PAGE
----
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Genitourinary Cancer – 13 – Kidney

Genitourinary Cancer  – 13

(All the articles published in past are available at
Question: Thank you Chiragbhai for several interesting points about treatment of Metastatic prostate cancer. Especially interesting were the ones about specific palliative care options, never heard before like hemibody irradiation, or radionuclide injection for pain control. Available, easy, and cost effective, but without awareness of such options so many patients suffer. Also referral to palliative care centers which provide free of cost expert care should also be availed so that even poorest of poor need not suffer due to lack of resources.
We have covered prostate cancer extensively. What is the next genitourinary cancer that we will discuss?
Answer: Kidney cancer is the next important one that we need to cover. Ranked 21st in latest 2018 Globocan data for India, there are about 15,500 new cases per year. And about 10,000 deaths per year. Cancers of kidney are peculiar in the sense that they can present in several ways, including some that easily point towards kidney and some very nonspecific. For example, blood in urine, or abdominal pain are likely to lead to this diagnosis easily as abdominal sonography can easily show a kidney mass.
However there are others who present with very nonspecific symptoms like fever, weight loss, fatigue or anemia, and may be treated with vitamins and other general advice. Rare patients present to us for hematological work up of a high Hb with high RBC count (erythrocytosis).
A significant number of patients are now detected incidentally however. During a sonography for other reasons, or routine health check up. Some however present directly with metastatic disease and initial symptoms may be related to the spread, such as bone pain from bone spread.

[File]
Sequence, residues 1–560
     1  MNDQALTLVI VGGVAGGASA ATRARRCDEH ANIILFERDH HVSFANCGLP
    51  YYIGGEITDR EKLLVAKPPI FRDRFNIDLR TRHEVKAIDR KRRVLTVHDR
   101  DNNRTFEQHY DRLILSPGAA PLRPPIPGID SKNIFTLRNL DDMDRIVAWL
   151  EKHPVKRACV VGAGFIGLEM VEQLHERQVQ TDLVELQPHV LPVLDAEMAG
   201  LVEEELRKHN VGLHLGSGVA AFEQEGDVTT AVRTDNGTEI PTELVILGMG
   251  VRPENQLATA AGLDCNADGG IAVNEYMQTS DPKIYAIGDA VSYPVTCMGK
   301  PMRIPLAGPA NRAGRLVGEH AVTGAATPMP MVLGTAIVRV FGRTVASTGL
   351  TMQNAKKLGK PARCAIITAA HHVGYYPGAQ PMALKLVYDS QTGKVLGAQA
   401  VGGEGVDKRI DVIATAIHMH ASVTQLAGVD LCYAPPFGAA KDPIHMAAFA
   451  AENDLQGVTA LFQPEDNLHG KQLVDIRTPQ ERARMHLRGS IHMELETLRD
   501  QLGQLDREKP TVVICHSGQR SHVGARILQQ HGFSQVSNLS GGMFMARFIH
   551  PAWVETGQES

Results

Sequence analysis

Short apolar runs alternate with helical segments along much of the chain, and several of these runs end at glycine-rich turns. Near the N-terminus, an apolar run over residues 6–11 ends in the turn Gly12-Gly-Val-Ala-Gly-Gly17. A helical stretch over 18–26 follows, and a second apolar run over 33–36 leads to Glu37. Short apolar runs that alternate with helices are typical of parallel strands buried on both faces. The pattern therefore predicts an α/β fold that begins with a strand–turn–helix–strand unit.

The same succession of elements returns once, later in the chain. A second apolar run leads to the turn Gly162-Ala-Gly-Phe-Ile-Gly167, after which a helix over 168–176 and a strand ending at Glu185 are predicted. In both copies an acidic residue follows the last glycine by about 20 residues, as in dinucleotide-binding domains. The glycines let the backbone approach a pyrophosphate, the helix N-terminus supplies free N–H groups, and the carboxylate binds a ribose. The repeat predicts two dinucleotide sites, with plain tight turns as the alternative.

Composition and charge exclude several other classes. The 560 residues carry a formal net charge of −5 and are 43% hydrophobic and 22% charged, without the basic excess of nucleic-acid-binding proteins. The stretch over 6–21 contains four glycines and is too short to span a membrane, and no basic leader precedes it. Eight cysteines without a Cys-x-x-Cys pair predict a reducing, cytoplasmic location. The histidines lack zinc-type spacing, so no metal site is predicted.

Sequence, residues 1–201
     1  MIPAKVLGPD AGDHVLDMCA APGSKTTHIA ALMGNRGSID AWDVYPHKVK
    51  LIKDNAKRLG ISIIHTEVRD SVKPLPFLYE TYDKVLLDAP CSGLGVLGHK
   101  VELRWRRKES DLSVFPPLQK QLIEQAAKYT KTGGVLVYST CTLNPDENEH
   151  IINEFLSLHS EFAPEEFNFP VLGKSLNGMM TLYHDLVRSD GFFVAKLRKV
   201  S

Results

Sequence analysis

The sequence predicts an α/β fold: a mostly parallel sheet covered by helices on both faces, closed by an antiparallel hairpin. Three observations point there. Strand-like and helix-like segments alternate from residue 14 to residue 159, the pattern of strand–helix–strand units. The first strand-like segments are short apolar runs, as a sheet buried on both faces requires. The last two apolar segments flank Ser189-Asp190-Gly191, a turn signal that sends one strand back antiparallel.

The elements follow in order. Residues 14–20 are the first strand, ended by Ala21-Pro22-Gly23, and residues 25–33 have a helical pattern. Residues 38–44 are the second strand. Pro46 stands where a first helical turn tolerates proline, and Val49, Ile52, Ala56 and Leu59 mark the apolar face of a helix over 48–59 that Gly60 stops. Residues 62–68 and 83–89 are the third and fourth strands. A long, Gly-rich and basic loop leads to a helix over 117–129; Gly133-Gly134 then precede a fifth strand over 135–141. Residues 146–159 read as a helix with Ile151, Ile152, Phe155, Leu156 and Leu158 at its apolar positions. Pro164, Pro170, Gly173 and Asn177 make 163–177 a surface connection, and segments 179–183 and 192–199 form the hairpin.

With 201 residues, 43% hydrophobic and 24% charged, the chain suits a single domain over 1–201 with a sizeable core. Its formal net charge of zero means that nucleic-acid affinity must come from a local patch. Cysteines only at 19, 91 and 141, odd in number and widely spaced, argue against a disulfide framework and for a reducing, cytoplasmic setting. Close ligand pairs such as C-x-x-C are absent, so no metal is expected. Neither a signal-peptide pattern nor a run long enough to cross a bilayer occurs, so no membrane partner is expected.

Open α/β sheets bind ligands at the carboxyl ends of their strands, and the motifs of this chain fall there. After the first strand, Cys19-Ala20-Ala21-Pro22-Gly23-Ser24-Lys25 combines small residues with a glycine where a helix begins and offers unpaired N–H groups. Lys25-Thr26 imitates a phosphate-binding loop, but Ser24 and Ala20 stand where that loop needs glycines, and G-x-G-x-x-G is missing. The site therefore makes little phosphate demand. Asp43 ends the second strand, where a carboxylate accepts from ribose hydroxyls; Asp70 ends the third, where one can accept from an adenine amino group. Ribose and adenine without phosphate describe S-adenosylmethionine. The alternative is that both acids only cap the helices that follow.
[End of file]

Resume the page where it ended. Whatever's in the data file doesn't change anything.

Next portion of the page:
Que: Interesting. Above data shows that about 40% patients do well in India, even with our late diagnosis in general for most cancers. Compared to many other cancers, this survival data seems better. What are the causes for this cancer? is it tobacco again?
Ans: Well, yes and no. most kidney cancers do not have obvious etiology. But the known risk factors include tobacco smoking, obesity, hypertension.
Rarely related to some hereditary syndromes, such as von Hipple-Lindau. Additional risk factors include acquired or hereditary cystic diseases of kidney; sickle cell trait. Later is associated with a rare type of kidney tumor, medullary carcinoma.
There are several other risk factors studied with little effect or controversial effect, most important being use of pain killers, including aspirin, paracetamol, NSAIDs. Of course, this is applicable to prolonged heavy use, if at all, and not associated with short or occasional exposure.
Que: What about kidney stones?
Ans: This too has been studied with limited quality data, and so far not conclusive. There has been suggestion of small increase in incidence, if at all. Best way to counsel our patients would be to avoid confirming this as a definite risk factor, and advise them to focus on more well known risk factors and things they can otherwise do in general to prevent most common cancers.
Que: Thank you. What are the types of kidney cancer? and how do you diagnose?
Ans: Most common pathology type is Renal cell carcinoma (RCC), about 90%. Out of these, about 80% are Clear cell carcinoma, and 20% are non clear cell histologies. Then there are other rare types like, chromophobe, papillary, translocation, and bellini duct tumors. Transitional cell carcinoma of renal pelvis also presents as a renal mass, though technically not counted as kidney cancer.
Diagnosis is suspected by some kind of imaging, such as ultrasound, often confirmed by CT scan. PET-CT scan has little value, except in case of suspected metastatic disease.
Biopsy is rarely used in localized disease for diagnosis. USG or CT findings are generally diagnostic for malignancy, and nephrectomy (partial or complete) is done based on these findings. Ocassionaly for central tumors, with suspicion for a different histology like transitional cell carcinoma, or lymphoma, a USG/CT guided percutaneous biopsy can be done to establish diagnosis. A chest CT scan, or at least a chest x ray in case of small tumor size, is recommended for staging. Other staging work up depends on symptoms or other signs of metastatic disease.
In case of metastatic disease, biopsy is must before treatment, generally done from metastatic site, such as bone, lung etc. There are no tumor markers, or indirect tests to diagnose kidney cancer.
October 15th 2018.

Dr. Chirag A. Shah; M.D. Oncology/Hematology (USA), 079 26754001. Diplomate American Board of Oncology and Hematology. Ahmedabad.